http://www.eia.gov/dnav/pet/hist/Lea...s=MCRFPUS2&f=M

    In the past 6 years, US crude oil production has increased by 3.6 million barrels per day. The US production increase equals total Canadian crude oil production measured in barrels per day in 2013, and is about double the production from the Alberta oil sands.

  56. #156

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    I am in New Jersey this week

    Local price of gasoline



    $2.60/9/us gallon
    Advocating a better Edmonton through effective, efficient and economical transit.

  57. #157

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    Interesting... may be a great opportunity for any low debt oil companies... below is also a link to the Alta Gov'ts situation. Ho hum predictable stuff...

    Crashing oil prices and rising interest rates make this a scary chart
    By Business Insider | 4 Nov, 2014,

    http://economictimes.indiatimes.com/...w/45032605.cms



    Dropping oil prices, now at under $80 per barrel, are impacting how the Government of Alberta budgets 26
    BY MATT DYKSTRA, EDMONTON SUN, NOVEMBER 03, 2014

    excerpt:

    "Over the next six to eight weeks, ministers from all departments are meeting with the Treasury Board to prepare for next year’s budget, said Campbell, leading to early discussions about increasing revenue and cutting costs.

    Part of the financial picture is the government’s plan to go $21 billion in debt by 2016, a number that makes even Campbell twist in his seat.

    The West Yellowhead MLA says the government will borrow “with caution” to deliver on Premier Jim Prentice’s promise to build new schools and long-term care centres but will also pay it off at a faster pace.

    “I wouldn’t want (the debt) to get much higher,” said Campbell, adding the $21 billion in red ink is “pretty close” to a “comfortable” maximum debt that he would like to see paid down within 20 years, as opposed to the planned 30 years. ..."

    http://www.edmontonsun.com/2014/11/0...lberta-budgets




    It's actually pretty hilarious listening to them talk... Of course we all know that they "have a plan" and the public is fully aware of what it is - because we live and die on the volatility of oil prices .


    Prentice sounds wary note about oil prices and Alberta’s economy
    BY JAMES WOOD, CALGARY HERALD OCTOBER 29, 2014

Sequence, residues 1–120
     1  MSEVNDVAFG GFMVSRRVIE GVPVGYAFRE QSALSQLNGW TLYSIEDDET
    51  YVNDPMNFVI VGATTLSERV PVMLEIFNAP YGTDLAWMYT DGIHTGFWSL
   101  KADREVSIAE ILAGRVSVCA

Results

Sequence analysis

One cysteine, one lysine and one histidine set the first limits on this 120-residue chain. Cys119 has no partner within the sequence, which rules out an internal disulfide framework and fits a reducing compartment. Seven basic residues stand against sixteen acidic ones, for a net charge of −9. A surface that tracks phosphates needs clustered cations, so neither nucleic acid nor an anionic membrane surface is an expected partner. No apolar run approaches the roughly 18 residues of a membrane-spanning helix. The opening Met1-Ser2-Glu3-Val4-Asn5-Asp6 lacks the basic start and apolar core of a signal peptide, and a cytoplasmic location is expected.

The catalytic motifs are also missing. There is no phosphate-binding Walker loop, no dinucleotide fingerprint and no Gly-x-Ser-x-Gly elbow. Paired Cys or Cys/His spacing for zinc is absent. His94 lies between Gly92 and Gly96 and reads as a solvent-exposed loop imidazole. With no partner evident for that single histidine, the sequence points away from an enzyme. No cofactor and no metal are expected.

http://www.calgaryherald.com/busines...048/story.html
    Last edited by KC; 04-11-2014 at 10:16 AM. Reason: add the Prentice link

  58. #158

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    Schools, long term care & hospitals are the sort of thing the proceeds of the Heritage fund could have been taking care of if we hadn't shifted away from growing it. Instead, we're stuck with trying to build during the most expensive time to do so and crying pauper when the oil price decreases.

  59. #159

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    Quote Originally Posted by kkozoriz View Post
    Schools, long term care & hospitals are the sort of thing the proceeds of the Heritage fund could have been taking care of if we hadn't shifted away from growing it. Instead, we're stuck with trying to build during the most expensive time to do so and crying pauper when the oil price decreases.
    Well, a friend of a friend is selling their house in southern Alberta for in the low-to-mid 8-figures. A very nice big shack. It shows a small degree of their entrepreneurial success in taking the initiative to capture the moment (of the latest oil price bubble.) I guess we could say we all knew the rules of the game and we know how it will play out if oil prices fall from over supply, much like they did with gas prices.

    You can't fault people like the business people above for playing by the rules and winning. However you can fault those that make up the rules and get paid big bucks along the way, get great golden handshakes, great pensions and then profess; 'shock and ahhh - we have to slash your jobs, funding, your family support in tough times - because sorry we just don't have any money left'.

  60. #160

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    Hearing of three companies cutting alot of jobs already out in fort sask. Look out below

  61. #161

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    Some break-even figures in this article...

    Cost-cutting fever grips Big Oil
    BY YADULLAH HUSSAIN, FINANCIAL POST AUGUST 22, 2014


    http://www.calgaryherald.com/busines...#__federated=1



    Plus here's an exceptionally high break-even indicator for Canadian Oil Sands / Syncrude:

    Prepare for a gusher in Canada’s oil sector with these ETFs Add to ...
    JOSH EHRLICH, ETFinsight.ca, Jan. 31 2013
    excerpt:

    "Further complicating Canadian Oil Sands’ prospects was a research report released in July 2012 by a Bank of America Merrill Lynch analyst that warned that high production costs, specifically at Syncrude, would require oil prices of $113 per barrel to provide enough cash flow for the firm to break-even."
    http://www.theglobeandmail.com/globe...rticle8031492/

  62. #162

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    I wonder if that was more just good luck? Plus, how long can those reserves last?


    Putin says Russia preparing for 'catastrophic' oil price slump

    Excerpt:

    "Russia, with $421 billion in international reserves, has a "big enough" buffer to meet all social commitments and maintain budgetary and economy stability, Putin said."